Answering Furniture Finish Removal Questions

Q. I am trying to strip shellac finish from 35-year-old doors and frames. I have used 3M Safest Stripper and Bix. Both worked about the same, but took a lot longer than I imagined it would. Is there a different product I can use?

A. The "safe" strippers take much longer to work than the traditional methylene chloride strippers. If time is short, then use a methylene chloride stripper such as Kleen Kut or Strypeeze®.

Q. At paint departments, everywhere I see a whole set of chemicals that are used for thinning, dissolving, stripping or diluting paint and finishes. So what are the differences in all these? Under what circumstances (in the real world) do you use one or the other? The labels aren't very helpful only saying stuff like "Thins certain oil based paints."

A. Denatured alcohol is used for shellac mixing and removing. You can use it as a cleaner for the tools used with shellac. The others are various combinations of themselves, as with lacquer thinner. They are used to thin finishes. Different ones are used depending upon how fast the finish is supposed to dry. They will also strip some finishes, clean the tools used, and are used as cleaners for some applications.

For the most part, brand names and price indicate the purity or quality of the product. For instance, cheap mineral spirits may have latent oil in it and leave a residue of some sort. Good quality mineral spirits leaves no residue when it evaporates. This is refined more when distilled.

It would make more sense to you if you started with the finish and looked at the recommended thinners and the relative characteristics these impart to their uses.

Q. I have and old chest that i would like to refinish but I am unable to scrape the old veneer off. What are some solutions to my problem?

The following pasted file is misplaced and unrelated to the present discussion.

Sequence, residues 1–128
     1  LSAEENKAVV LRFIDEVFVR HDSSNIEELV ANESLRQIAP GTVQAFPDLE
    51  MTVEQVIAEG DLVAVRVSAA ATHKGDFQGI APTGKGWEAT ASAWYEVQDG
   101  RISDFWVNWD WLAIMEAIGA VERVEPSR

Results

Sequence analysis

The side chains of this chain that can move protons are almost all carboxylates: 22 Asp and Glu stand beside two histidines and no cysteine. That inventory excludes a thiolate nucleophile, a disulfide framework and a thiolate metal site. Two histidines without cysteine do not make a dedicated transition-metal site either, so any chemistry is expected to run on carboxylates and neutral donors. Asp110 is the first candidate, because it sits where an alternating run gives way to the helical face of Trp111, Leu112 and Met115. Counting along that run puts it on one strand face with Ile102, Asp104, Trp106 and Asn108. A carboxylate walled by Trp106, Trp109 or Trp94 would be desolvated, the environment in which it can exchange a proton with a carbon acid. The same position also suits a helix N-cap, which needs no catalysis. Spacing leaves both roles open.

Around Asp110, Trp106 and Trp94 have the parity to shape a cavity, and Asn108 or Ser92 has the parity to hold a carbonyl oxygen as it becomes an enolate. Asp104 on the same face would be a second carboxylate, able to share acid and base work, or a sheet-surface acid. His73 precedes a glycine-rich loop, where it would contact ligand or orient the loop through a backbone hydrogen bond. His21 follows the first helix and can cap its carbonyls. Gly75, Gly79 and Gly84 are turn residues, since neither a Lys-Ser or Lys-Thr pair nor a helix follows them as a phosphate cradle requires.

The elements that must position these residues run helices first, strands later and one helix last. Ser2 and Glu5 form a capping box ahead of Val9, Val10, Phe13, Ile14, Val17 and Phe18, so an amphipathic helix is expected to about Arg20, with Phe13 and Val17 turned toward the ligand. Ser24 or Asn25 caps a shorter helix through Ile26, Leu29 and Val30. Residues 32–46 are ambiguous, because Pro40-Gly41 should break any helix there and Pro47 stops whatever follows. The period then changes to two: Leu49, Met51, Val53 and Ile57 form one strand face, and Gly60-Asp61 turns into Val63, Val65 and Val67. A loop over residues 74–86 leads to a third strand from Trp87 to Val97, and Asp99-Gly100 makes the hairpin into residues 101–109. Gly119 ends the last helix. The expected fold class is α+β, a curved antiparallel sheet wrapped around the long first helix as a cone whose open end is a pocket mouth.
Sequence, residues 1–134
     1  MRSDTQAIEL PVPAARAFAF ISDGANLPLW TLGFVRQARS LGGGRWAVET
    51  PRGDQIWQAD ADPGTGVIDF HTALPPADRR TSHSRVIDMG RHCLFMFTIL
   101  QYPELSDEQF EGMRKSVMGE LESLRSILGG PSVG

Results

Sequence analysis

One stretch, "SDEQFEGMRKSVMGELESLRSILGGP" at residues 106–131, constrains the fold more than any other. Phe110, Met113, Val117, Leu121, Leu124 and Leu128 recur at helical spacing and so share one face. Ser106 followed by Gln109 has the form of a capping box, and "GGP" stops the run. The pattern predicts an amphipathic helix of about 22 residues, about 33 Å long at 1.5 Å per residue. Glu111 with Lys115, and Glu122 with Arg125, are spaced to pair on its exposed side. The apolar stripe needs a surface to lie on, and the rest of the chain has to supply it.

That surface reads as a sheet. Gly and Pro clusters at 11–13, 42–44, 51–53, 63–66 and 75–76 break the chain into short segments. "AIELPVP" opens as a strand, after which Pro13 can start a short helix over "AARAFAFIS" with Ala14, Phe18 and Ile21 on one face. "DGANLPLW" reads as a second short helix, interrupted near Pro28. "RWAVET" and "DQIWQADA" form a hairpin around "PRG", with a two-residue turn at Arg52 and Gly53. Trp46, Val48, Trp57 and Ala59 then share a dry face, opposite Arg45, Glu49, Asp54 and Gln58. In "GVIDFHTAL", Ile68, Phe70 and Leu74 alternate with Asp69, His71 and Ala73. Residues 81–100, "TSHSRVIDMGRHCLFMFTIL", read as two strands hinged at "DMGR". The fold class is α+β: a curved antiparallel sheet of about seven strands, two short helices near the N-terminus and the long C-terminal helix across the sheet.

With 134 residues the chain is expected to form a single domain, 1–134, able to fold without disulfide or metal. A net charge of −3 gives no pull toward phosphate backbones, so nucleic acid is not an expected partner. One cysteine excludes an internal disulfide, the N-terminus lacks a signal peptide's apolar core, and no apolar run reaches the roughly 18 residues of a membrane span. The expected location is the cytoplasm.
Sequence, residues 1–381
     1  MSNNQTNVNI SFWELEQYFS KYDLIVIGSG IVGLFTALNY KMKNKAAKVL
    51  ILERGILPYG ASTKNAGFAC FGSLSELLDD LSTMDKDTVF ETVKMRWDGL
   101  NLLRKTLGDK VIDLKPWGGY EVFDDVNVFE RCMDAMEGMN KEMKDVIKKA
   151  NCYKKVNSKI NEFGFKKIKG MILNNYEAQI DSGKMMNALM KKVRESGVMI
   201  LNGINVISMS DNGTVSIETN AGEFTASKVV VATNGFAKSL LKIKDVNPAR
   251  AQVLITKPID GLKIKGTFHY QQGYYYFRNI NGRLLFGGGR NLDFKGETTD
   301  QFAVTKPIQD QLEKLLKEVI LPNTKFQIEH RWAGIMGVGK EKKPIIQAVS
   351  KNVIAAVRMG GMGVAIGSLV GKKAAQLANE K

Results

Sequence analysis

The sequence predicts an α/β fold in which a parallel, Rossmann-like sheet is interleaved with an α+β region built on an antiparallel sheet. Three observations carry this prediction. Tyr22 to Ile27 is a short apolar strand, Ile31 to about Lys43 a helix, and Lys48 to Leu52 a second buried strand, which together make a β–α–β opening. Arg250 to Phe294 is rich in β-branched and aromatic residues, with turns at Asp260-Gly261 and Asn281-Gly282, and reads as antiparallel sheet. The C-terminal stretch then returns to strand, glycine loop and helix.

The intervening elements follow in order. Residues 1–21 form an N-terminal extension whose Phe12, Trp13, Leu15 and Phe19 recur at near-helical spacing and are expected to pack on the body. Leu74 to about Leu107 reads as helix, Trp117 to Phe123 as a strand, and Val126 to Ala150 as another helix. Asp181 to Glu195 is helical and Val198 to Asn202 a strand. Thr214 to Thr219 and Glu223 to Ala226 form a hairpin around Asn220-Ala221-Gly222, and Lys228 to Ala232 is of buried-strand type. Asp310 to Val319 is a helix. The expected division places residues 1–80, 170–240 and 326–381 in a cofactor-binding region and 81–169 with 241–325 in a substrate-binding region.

A. If the veneer is old enough, soaking it with hot water will cause the hide glue to release. You will be able to peel the veneer off then.

Q. We recently purchased a new king-sized bed. There is a very distinct odor from the finish. Does anyone know of a product that will remove the odor without harming the finish?

A. Often, these odors simply go away after whatever is causing them evaporates completely. It can be annoying in winter, when the house is closed up all the time. It is likely that the best course of action would be some other odor to mask the smell until the smell is gone. You might consider wiping the surface with something on the order of Pledge to clean the surface and impart the smell of Pledge to the piece. A scented dryer fabric softener sheet might work as well for transferring the scent of something else.

Q. How do I get mold off of wood table that sat in my pickup on a blanket that got damp? What is the best homemade product, or what I can buy at a home center?

A. If the table is made of raw wood, use TSP (Trisodium Phosphate). If it has a finish, 1/2 and 1/2 mixes of household bleach and water. Wipe dry immediately after application.

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